the globe terrarium is the size of an x-large beachball and has an 8 inch opening at the top. There is an internal waterfall for nutrient distribution and aesthetics

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  12. Nov 25, 2009 #11
    these reefs have been driven long distances to public shows and universities in the texas panhandle

    the full palmtop reef can be carried and ran in someone's car while they drive. the cables are simply plugged into a laptop charger AC converter you can get at best buy for 25 dollars.

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  13. Nov 25, 2009 #12
    these systems concentrate the allelopathic chemicals normally used for warefare and they mute them through some mechanism of sensitization I surmise.

    That's why these are a form of study on top of mad novelty, no other reef tanks this size are as stable because evaporation control measures aren't taken effectively and without great mechanical need. Once you keep micro systems, one can't help but make observations on things that normally test larger tanks such as oxygenation, carbon dioxide binding and export, nitrate binding (plant growth) or export in the form of nitrogen gas via anaerobic bacteria metabolism, allelopathy and asexual reproduction and adaptation strategies of corals in general. The microhabitat is a very practical way to expand coral studies to the masses not connected with the lab or exclusive marine hobby cost and technical knowledge structure. These phenomena are what we discuss in live shows regarding micro-biology

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  14. Nov 25, 2009 #13
    for example, in the pic above in the center the pico keeper is permitted to see actual budding formation of the tabular growth form (the common tabletop) of acropora, the most prolific hermatypic coral we have. The large reef tanks that produce this effect cost no less than $5,000 dollars, period. Same growth, albeit lesser color, in a $100 tank.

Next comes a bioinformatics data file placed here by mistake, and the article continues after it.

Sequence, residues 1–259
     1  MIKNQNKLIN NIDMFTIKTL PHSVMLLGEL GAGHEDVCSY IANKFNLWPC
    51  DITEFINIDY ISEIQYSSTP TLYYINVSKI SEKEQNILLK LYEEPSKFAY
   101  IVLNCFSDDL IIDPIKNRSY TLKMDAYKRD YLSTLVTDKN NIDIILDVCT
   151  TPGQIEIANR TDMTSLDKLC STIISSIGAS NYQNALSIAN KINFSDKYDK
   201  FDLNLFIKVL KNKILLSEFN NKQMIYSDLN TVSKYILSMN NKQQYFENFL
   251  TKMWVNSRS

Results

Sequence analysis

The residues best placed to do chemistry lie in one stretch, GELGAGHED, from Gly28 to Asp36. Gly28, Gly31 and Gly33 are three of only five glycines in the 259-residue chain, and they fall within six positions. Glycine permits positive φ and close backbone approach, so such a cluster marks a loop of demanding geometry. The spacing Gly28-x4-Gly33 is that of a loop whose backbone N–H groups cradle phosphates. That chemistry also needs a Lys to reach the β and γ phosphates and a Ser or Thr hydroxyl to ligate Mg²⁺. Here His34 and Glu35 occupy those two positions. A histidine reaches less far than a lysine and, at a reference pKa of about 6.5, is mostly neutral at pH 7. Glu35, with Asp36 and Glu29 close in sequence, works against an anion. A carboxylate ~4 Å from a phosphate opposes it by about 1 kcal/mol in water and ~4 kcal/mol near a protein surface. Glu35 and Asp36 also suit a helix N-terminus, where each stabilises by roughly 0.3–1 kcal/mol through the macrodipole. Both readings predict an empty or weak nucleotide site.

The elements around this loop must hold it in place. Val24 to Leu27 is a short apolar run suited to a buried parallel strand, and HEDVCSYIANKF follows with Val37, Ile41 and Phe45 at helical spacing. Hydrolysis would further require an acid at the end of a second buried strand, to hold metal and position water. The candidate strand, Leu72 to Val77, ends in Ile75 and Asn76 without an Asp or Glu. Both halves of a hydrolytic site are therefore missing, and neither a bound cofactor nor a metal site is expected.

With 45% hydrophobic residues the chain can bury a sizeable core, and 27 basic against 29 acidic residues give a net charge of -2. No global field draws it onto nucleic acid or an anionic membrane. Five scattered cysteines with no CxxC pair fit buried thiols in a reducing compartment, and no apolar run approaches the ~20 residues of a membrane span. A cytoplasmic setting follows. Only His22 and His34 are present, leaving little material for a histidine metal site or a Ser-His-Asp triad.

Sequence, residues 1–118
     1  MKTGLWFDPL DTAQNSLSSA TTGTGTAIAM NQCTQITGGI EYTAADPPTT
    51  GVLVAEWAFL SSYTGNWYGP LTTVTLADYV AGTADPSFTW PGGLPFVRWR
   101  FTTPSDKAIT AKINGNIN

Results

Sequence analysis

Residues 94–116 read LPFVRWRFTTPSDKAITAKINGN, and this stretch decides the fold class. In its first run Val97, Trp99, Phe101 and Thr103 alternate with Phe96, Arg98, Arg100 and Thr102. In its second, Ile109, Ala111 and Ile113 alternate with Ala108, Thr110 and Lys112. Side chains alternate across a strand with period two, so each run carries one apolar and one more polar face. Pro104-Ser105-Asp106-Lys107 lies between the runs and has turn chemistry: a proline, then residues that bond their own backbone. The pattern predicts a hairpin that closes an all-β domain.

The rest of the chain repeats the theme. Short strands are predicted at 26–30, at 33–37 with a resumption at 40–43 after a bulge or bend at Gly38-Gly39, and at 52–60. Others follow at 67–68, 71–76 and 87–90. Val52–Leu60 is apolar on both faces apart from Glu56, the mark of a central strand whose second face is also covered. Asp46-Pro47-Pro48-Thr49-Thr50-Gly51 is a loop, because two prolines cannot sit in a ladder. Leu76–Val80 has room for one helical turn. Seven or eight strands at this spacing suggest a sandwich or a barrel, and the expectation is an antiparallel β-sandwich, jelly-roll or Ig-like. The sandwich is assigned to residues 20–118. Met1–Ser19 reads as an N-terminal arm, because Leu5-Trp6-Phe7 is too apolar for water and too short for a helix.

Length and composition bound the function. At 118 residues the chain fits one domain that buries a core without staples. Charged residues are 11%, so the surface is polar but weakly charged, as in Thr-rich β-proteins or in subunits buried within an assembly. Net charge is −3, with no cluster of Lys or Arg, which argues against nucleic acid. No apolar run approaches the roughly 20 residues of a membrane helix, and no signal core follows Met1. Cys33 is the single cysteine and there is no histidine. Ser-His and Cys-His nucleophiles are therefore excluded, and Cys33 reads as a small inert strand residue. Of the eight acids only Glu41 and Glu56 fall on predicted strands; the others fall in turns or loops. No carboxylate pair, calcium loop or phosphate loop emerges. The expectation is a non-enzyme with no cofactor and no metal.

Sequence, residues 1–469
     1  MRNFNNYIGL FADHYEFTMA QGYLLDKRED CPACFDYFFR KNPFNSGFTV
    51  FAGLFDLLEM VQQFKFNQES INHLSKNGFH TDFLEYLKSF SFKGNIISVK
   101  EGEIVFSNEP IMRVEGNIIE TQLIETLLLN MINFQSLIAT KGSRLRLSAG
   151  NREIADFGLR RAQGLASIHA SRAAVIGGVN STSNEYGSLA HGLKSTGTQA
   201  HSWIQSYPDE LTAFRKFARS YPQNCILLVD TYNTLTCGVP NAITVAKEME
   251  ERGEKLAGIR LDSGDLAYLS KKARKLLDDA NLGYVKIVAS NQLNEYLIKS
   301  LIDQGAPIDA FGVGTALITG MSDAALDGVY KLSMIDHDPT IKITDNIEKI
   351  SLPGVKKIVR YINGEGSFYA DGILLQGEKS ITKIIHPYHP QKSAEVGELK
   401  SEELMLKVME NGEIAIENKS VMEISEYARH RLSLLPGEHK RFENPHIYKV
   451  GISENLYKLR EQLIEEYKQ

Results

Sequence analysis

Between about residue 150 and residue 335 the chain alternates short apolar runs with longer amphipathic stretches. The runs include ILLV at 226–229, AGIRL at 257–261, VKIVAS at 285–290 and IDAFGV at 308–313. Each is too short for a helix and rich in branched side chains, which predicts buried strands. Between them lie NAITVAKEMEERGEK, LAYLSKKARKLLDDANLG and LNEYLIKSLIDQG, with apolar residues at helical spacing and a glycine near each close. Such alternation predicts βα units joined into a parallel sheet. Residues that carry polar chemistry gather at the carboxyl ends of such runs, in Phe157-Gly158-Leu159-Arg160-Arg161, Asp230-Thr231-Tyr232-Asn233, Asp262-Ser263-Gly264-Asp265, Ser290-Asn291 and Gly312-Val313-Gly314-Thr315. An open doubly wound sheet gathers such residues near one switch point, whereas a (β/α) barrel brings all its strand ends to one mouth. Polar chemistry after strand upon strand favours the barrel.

The far right of the pic is a little upward column where you can see the denuded area at the water surface. Early phase tabular growth. The growth continues upward but boundaries at the water surface, like a limestone cave prominence that keeps thickening until it's a full table only at three inches wide. The internal current afforded by the powerhead placement shapes the growth of the tabletop as the acropora likes to grow directly into the current. By hitting the colony from the side, it grows sideways in the display rather than forward into the glass where I wouldn't be able to clean it of algae. this is the table top after two years in the system, the full, but miniature, natural growth form of one of the most important genera of corals we know
    lower down in the aquascape is a miniture scroll coral chip that is displaying a natural whorled morphology

    Proliferation of benthic life- myriad worms, snails, echinoderms, hydromedusae, sponges, bivalves and more is possible because of a very simple feeding method. You feed very expensive and concentrated frozen coral food heavily in the tank and let it swirl for three hours, then change the water 100% to export all unused proteinic material. this feeds every living organism in the tank. excluding microscopic life, living things are in the thousands numbers even in this small space due to the above mentioned animals along with various insects crawling the rocks who are detritivores and alter the reef matrix by tunneling and various forms of erosion and deposition. The rock structure is lined back to back with sabellid worms and filter feeding sponges. I have created a cryptic portion of the vase reef to propagate filter feeders by darkening out a hemisphere of the tank where there are no corals to prevent light passing, did it with black duct tape. This has tripled the loading of sabellid fanworms in the dark region, which now number around 500+ individuals if I had to guess.